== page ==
Without warning the white great clouds gave into a dark charcoal color as they began to clump together angrily and the water matched its intensity. Greenie swayed side to side, forward and back, with concerning lurches as if it was suggesting it was time to get back. Lexie's hair fluttered eagerly in the wind as sharp little droplets fell from the sky. One and Two looked at each other with wide eyes and dove back down into the safety of the ocean. Lexie was on her own. How strange that the weather changes so suddenly, she thought, it wasn’t on the weather this morning (Lexie had never really watched the weather in the morning but it sounded like this would be something that happened).
Then she heard it. Its growl rumbled and caused tremors and ripples through the water. Lexie looked around to see where the sound came from and fell back onto Greenie’s handlebars when she came into view from the spray of the ocean. The red color was undeniable and it stood out furiously against the dark blue of the water below her. The bow of the ship looked intimidating and Lexie almost swore that there were rows of dark teeth forming along the ship’s edges. Her Majesty was barreling toward her. Her parents! How could they have found her? She didn’t know where she was! This realization frightened her and she floated there, on Greenie, and stared wide-eyed at the approaching vessel.
Out of nowhere a flick of silver caught her eye and snapped her back into reality. She looked down to see the little silver fish from the floating dock clouding around Greenie’s base. Lexie looked back up to see Her Majesty gaining distance and back down at the little fish. If her parents got hold of her they would take Greenie away and scold her for being so thoughtless and losing her sweater. Not to mention the party would be ruined! She gulped and took hold of the handlebars. The water had rocked the jet ski so much that she had to shift her weight to keep steady. “Okay,” she said to the little fish. “Can you help me get home?” There was a swirl of silver like a hurricane and the little creatures came together to form two words: FOLLOW US. Lexie nodded and Greenie lurched forward. The fish twirled again and formed an arrow the curved to the left. Moments later the wake of the water indicated she was going with them.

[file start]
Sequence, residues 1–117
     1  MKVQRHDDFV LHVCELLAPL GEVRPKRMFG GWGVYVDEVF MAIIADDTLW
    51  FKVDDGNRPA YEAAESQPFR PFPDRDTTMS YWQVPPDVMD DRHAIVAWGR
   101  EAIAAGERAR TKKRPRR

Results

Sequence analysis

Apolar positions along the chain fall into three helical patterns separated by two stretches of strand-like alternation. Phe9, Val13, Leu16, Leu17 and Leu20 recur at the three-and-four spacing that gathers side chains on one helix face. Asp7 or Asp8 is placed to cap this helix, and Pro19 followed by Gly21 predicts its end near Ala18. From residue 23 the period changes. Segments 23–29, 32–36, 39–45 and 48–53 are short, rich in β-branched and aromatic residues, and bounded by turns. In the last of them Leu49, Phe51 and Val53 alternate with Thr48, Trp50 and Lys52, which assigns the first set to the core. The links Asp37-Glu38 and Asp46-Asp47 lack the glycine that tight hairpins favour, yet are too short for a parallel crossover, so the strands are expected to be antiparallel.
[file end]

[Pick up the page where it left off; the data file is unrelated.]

Greenie shot forward along the waves with the puddle of silver fish forming continuous arrows for her to follow. Lexie looked back to see where the red ship was still coming at her; her hair flagged over her face and made her look through the clumps of sea tossed locks. Its massive engines were no match for Greenie and it would be only a matter of minutes before she would probably lose her head. She looked forward again and found the pattern of silver arrows that lead her through the waters. Greenie groaned and the rain began to fall harder from the storm clouds. Lexie felt the vibrations from Her Majesty intimidating roar echo through the water, up to the hull and into the handle bars. There wasn’t much time left. She had to make it back home before her parents. At least then she could out run them on land. The clouds began to swirl together; rain and salt water splashed against her skin and dripped into her eyes.
The fish sent another arrow that caused her to turn quickly that Greenie sent a large kickback of water (which was oddly and appropriately named a fishtail) that fell right onto her head soaking her hair. She the water soaked hair away from her eyes and kept going forward. The land started to come more into focus; engulfing the water with its sandy beaches. Lexie could see the canal where this little adventure started and there was a spark of hope that she might make it. Gusts of wind were making the waves intense as they wildly slapped against the jet ski’s base. Their white caps forming fingers as they tried to grab at her. Between the blustery water and the approaching doom behind her, Lexie wasn’t sure how she was going to make it home. The fish had vanished under the ocean waves.